"It's a lot like how you feel after doing yoga or meditation," he said. "You'll just feel totally zonked out and a little disoriented."

For a lack of anything better to say, I said, "Great!"

Though I felt dumb about my enthusiastic, one-worded exclamations, I was starting to get excited. He took out two small vials and held each to my nose. He let me pick which essential oil he would use during the massage. One was lavender-based, meant for stress-relief and relaxation, and the other was rosemary-based, meant for energy and groundedness. I chose lavender, because I really needed to chill. Energy was the last thing I needed.

Dave said I could hang my robe on the hook, get on the table and stick my face into the little face-hole, and he'd be back in a minute. When he left the room, I took the robe off and quickly got under the covers on the table like a vagabond, sinking into the face hole. I hoped they used a fresh one for each person. I had no idea what to do with my arms, so just let them hang below. It didn't feel normal, but I didn't want to ask him what normal people did with their arms. (I found out later that most people put their arms behind them, on the table, or under their chin.) I was nervous about him judging my body, examining me like a scientist. It was silly. He probably saw hundreds of clients a week, and he was employed at a reputable spa. He wouldn't care, even if I had lizard-skin, right?

Dave came back in and began, the room filling with soothing lavender. He started out gently, and I felt my muscles relaxing little by little, but my brain was still on fire. I kept worrying about the locker, and if I'd have to take a shower after this, and if Dave was an actual massage therapist, and if the lavender oil would have an adverse reaction with my skin. How disoriented would I be? I had tried yoga and meditation before, but to little effect, as my impatience always got the better of me. I had done a few difficult things in my life, but one of the most difficult was just sitting still and trying to forget everything: trying to relax. Slowly, my brain started to surrender. I focused on the lavender, and imagined running through a field of it in the South of France.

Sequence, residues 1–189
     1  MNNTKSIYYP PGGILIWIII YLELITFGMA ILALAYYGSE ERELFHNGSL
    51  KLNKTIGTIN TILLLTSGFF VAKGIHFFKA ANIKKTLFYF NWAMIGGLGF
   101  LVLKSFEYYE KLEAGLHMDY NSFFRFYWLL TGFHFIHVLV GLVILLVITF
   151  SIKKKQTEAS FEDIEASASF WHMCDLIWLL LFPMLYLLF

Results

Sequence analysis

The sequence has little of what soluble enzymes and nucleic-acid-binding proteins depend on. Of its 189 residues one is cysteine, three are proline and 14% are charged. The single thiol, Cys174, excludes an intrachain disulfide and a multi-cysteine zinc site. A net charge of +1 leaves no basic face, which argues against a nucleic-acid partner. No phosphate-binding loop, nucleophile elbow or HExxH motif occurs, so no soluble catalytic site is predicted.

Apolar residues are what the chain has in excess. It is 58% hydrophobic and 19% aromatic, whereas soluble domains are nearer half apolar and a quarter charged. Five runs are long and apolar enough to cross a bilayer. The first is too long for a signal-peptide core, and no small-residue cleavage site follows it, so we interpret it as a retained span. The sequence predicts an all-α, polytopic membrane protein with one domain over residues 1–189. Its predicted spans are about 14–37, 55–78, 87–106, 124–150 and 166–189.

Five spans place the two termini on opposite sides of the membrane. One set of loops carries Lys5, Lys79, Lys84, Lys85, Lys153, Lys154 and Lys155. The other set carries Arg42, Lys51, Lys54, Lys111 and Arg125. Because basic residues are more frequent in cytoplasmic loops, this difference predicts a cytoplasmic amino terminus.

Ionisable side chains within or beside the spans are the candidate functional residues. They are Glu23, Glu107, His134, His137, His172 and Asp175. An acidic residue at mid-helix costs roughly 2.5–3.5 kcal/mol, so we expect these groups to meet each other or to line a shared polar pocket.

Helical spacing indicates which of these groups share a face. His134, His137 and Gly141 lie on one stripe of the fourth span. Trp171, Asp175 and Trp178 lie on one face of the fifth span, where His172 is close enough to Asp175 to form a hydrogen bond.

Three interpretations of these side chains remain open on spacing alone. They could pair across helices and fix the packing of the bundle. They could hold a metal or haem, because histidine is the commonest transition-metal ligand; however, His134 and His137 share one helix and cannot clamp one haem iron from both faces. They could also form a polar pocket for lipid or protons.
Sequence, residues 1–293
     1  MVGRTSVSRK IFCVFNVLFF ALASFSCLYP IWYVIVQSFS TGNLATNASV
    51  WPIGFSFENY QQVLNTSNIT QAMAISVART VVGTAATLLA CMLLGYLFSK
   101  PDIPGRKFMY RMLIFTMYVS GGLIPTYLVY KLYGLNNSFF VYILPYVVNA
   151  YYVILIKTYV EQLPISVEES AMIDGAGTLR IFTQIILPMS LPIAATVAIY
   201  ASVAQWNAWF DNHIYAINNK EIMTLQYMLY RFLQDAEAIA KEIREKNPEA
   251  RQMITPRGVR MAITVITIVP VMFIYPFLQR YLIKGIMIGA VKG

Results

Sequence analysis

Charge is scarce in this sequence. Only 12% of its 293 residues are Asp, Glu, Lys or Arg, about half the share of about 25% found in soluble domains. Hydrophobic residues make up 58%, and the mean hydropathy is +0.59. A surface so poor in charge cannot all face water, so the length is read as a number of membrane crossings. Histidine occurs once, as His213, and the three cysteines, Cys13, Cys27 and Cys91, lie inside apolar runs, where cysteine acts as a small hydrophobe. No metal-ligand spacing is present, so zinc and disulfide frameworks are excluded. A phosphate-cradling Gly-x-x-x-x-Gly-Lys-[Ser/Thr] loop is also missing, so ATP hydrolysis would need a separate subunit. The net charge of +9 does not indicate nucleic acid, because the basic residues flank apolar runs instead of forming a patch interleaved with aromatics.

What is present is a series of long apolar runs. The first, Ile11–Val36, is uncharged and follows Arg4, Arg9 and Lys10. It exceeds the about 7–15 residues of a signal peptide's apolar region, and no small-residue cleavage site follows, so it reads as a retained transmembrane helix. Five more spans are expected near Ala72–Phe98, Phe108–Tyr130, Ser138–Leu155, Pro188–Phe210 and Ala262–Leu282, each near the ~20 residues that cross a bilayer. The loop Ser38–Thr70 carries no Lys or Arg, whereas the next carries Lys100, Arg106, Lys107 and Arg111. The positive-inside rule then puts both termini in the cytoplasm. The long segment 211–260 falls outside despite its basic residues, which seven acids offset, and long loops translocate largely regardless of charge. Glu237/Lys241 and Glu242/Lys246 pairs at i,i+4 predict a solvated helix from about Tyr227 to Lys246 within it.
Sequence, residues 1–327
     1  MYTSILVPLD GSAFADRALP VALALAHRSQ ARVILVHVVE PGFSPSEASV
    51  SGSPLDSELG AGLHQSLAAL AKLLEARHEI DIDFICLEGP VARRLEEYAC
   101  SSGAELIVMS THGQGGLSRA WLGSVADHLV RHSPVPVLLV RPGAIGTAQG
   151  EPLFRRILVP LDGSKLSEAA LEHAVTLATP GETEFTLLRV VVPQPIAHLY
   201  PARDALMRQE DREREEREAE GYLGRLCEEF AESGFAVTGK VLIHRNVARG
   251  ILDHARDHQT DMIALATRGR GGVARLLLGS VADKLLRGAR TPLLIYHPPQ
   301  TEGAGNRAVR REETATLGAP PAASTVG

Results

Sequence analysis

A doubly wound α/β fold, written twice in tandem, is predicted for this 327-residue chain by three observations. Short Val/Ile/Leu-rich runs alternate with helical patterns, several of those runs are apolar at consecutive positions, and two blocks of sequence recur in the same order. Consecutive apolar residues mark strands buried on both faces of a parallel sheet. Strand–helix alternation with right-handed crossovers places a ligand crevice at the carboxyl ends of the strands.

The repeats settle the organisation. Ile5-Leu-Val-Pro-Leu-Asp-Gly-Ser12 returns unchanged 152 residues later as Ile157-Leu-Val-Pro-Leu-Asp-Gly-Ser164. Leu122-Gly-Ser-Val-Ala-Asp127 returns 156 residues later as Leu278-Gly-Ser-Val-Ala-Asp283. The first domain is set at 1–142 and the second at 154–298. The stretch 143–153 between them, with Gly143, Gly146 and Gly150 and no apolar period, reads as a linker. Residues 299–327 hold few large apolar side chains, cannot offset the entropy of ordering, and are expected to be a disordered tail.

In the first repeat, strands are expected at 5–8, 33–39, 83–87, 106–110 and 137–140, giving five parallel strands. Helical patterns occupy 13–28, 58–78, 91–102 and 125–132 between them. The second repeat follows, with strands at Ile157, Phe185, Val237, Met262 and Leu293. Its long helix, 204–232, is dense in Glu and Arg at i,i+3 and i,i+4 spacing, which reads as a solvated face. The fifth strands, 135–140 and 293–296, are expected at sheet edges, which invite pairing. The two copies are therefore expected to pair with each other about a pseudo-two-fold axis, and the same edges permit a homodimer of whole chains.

When our time was up, I did feel zonked out and disoriented, just like Dave said. I re-robed and he met me outside the room with a glass of coconut water. It was refreshing and revitalizing. I was sorry I made assumptions about male massage therapists. Dave was lovely and professional, and didn't deserve that stigma. I was sorry my brain couldn't break its patterns of rumination. He made me feel comfortable, even if just for a little while.

Back in the locker room, my locker wouldn't open. I entered the four digits I worked so hard to remember, and it was stuck. I immediately snapped out of my semi-conscious state and my heart started to pang. I tried the combination again. It worked. It was open. My clothes were safe. My wallet was still there. Everything was okay, and for the first time in a long time, I felt relaxed.

I've always been averse to "treating" myself because of my insecurities. But having a fixed mindset and hard-set expectations makes it impossible to clear those hurdles of body confidence. In a spa, the goal is to leave your exterior self behind to let your interior self breathe. We all wear robes, we all look the same. Nothing differentiates you from the lady checking out her cellulite. There is no age, there is no race, there is no gender. We're all just people looking to help ourselves, to treat ourselves in a small way. And despite my reservations, it was totally worth it.